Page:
Do you think I am just a hallucination, sir? Here, come reach in the dark and put your hand in my side. Maybe then, you will believe. I know that’s true, because I read it in a book once. I used to read you know. Where Mother is, there will be books. Mother spends all her free time reading holy books, you know. Holy books written by haloed people of all shapes, ages, sizes, sexes, and faiths. You know what I mean do you know what I mean? But you got to let me go soon. Outside this mirror maze, everything’s mist. It’s getting colder, colder, and if we’re here too long it will freeze around the place and we’ll be living in here with these mirrors forever—but maybe that won’t be so bad. I can see you in the mirror, and think that you are me. You can see me in the mirror and think that I am you. It won’t be so bad, some kind of a game—okay, it’s a deal. At least when the whole world freezes over, we will be warm safe and still alive. You know, officer, yes your idea is great. Just keep asking for the same thing you know I don’t have over and over again until it’s too late to get out of this place. Stuck in a mirror maze. Shit. Who dies in a mirror maze? Nobody does, is the answer, and, if the answer is nobody does, and we are the first to do so, then we are nothing; never were, never are, never be here, because no one can die here. Gone forever we will be; probably actually never have been, we will be; and, thank God, I will be free to duck into the Dunkin’ Donuts shop down the road and finally let go my pee and maybe a log or two. So that’s your deal, Cop? You needed to do the necessary plan in your head for me to go out of here legal and finally get to pee? So do the last thing quick, please. The drops of wet are coming in my shorts now. You need to act fast, Mr. Cop. If you don’t soon, I’ll just open her up pull her out and point and go right here, right now. And, officer, you will be sorry after you find yourself standing in my little hot yellow puddle that it will really be your fault to have created, but maybe—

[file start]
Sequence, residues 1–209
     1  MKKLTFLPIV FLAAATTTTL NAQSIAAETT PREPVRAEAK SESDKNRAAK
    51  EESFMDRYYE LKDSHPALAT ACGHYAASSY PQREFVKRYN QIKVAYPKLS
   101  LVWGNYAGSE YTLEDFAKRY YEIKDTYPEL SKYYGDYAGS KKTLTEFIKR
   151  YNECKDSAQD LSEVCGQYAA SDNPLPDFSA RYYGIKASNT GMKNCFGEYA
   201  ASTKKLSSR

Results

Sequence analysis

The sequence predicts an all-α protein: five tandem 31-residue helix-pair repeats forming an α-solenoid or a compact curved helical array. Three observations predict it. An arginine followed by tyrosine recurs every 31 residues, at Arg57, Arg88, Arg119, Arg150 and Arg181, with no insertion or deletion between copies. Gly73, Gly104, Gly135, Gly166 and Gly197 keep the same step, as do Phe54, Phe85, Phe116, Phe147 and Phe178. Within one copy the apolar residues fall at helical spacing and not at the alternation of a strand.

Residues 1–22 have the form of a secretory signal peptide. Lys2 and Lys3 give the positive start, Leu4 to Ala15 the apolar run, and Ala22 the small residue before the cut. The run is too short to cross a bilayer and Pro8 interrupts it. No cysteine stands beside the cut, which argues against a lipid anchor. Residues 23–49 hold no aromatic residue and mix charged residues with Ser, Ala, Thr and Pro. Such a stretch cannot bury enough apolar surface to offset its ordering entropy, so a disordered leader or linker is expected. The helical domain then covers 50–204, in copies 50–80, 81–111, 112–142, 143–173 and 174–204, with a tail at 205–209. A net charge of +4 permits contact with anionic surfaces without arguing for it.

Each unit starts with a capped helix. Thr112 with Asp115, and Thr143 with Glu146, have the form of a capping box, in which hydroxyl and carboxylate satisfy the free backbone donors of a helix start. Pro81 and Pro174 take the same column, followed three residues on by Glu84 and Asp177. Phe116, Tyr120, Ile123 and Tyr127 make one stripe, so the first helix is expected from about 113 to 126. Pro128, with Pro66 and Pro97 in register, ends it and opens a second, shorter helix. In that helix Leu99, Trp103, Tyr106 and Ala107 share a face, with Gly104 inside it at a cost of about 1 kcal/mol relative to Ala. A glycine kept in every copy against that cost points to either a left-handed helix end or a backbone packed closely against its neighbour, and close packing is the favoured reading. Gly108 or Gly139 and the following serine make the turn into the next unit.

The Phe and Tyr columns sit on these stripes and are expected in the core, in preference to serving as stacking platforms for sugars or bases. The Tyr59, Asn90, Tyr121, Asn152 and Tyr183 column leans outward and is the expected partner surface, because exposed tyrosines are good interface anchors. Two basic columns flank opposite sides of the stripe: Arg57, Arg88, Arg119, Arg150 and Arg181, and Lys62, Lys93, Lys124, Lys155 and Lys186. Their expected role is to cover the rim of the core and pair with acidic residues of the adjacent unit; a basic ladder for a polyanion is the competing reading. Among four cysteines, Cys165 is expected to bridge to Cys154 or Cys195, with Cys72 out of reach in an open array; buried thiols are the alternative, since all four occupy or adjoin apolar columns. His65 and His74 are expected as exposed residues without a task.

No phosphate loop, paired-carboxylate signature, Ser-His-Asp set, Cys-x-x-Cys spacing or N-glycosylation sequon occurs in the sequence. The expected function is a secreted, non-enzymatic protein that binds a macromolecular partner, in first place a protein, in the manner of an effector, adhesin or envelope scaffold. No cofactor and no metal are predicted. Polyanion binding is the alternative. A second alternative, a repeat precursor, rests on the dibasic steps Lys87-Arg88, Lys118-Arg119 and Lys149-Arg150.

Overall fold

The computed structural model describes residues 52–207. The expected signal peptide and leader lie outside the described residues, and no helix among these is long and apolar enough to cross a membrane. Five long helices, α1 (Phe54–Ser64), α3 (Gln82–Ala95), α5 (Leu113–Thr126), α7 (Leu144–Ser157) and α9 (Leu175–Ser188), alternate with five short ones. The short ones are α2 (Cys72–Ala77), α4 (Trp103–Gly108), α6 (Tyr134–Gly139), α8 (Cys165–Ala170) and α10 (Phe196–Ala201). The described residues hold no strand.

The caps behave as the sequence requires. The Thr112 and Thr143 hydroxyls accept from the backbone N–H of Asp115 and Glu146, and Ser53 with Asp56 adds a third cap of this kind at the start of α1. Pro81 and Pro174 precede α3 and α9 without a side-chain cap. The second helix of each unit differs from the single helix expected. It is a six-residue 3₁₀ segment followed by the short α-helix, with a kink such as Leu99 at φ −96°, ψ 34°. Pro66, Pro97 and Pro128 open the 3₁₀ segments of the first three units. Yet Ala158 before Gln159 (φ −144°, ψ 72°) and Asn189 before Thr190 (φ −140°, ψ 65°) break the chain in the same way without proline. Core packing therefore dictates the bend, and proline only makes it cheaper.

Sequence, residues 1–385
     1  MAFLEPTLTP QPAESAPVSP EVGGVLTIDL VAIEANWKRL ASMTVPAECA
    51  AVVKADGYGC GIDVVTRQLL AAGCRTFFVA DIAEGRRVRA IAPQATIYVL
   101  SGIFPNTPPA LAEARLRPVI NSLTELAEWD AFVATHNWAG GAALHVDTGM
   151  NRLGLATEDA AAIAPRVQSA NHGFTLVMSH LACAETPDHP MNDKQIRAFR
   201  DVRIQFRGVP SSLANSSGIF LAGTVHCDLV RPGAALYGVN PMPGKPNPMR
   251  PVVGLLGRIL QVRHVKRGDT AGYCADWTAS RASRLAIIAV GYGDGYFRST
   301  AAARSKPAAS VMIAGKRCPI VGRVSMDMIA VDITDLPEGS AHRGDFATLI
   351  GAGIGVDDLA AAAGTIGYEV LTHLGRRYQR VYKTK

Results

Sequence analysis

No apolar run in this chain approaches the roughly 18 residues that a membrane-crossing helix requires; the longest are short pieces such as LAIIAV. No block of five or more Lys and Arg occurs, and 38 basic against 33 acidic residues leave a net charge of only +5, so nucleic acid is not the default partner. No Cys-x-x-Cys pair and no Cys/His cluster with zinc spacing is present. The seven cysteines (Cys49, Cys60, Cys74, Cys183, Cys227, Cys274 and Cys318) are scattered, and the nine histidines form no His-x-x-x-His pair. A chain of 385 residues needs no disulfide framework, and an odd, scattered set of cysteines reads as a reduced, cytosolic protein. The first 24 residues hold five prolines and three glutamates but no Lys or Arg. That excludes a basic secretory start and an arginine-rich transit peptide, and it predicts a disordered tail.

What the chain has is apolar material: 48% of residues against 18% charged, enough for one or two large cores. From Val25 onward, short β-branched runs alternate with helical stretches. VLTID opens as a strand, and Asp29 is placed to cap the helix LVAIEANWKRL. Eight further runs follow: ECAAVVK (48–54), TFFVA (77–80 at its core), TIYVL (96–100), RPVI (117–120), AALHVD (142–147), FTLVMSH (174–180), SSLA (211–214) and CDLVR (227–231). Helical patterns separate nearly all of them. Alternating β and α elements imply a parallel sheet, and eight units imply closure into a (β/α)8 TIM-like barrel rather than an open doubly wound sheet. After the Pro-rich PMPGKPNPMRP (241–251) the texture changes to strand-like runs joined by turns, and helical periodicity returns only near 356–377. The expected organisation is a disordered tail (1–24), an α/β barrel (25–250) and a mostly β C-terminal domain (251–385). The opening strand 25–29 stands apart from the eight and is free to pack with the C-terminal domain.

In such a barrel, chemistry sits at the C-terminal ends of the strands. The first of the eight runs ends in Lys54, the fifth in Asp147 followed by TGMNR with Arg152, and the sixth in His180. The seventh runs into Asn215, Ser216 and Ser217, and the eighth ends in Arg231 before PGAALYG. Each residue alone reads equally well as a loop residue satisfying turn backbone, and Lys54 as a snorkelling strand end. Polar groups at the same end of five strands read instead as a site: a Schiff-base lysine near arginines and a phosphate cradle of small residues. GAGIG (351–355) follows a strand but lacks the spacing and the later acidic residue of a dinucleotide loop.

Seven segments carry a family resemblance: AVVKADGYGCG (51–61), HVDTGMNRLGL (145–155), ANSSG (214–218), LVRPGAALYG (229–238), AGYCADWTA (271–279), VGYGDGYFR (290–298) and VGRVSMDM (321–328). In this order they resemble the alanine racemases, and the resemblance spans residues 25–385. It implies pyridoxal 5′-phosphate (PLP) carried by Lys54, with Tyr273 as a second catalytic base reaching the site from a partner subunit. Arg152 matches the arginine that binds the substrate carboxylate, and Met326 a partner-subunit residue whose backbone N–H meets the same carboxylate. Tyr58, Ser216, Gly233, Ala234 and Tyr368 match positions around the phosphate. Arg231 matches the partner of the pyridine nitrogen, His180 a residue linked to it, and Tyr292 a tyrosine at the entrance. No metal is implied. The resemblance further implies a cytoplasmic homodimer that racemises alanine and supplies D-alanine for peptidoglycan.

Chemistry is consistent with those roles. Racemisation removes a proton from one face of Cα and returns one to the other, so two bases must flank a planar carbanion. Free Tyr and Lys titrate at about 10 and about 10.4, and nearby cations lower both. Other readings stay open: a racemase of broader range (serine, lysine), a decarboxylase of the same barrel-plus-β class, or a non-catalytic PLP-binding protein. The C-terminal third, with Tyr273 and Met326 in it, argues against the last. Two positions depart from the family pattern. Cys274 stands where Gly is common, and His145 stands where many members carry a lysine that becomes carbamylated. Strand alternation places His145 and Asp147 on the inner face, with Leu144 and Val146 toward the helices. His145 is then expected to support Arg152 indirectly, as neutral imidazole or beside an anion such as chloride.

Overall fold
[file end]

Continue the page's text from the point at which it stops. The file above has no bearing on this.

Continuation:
As he goes on talking, I ride his voice. To a long time ago. I got called at night that there were punks in the woods dealing hot hard drugs to kids, and that I should be there. It was hot humid heavy summer. I took the car to the woods out a dirt road. I got out and shone my light and found the path; I could hear young boozy voices in the distance, all yelling, all laughing, but— I stopped right there, dead; dead in my tracks.
The biggest widest most perfect humid hot Florida nighttime spider web blocked the width of the trail, and a blood red huge as a hand horrid big spider sat in the center waiting and snoozing for somebody to touch the web, and then—
It looked right at me.
It did. God.
Look, I hate spiders. I turned away got on the car and went on the radio talking, as the sounds of the party further in the woods filtered at me through the web, I told the dispatcher, Nothing out here, they must be gone. No, found nothing. Okay. Out. And they yelled more and more loudly past beyond the web, but for me it was all the web, and the big Mother of the web set in the center, waiting, as I waited now here in the mirror maze for the rag bag man Jon to stop talking; which he almost immediately did. Copies of him in the mirrors all around said, So then, since it is a deal, before I go to go I’ll ask one more time again; have you seen her?
Spider in the center.
Turning I ran. But the mirrors slowed me. This man Jon was not real. This man Jon must, yes, has to be is, just in my head. Out of the mirror-maze, I stumbled, running from the terrible web, but; there was no boardwalk, no other rides, no families, no music, no fun house; the street was under me. The cars went by both sides, honking. I—I felt it, though. The card came up. I had the card though none of it had been real. Here, look; SHOOTING SCHOOL, SEA ISLAND– and under that, Jon Kent; NCSA certified instructor. So see, though it didn’t happen, it did; and it didn’t and did, and didn’t and did too, and—there’s a tap on my thigh. An officer says, no loitering, pal. Keep moving keep moving, no loitering, Franklin. Keep moving, Franklin. If we didn’t all know you and how you are, and who your Mother was, I’d arrest you. But no, just keep moving. Dodged a bullet, Franklin. Dodged a bullet. Your life is dodging bullets. You got the nine lives of some cat. Go on, keep looking. And there’s no need to show me. I’ve told you I don’t know where she is, about a million times, and probably will another million more. So move on now, right now. Great. That’s a good boy. See you again. Take care.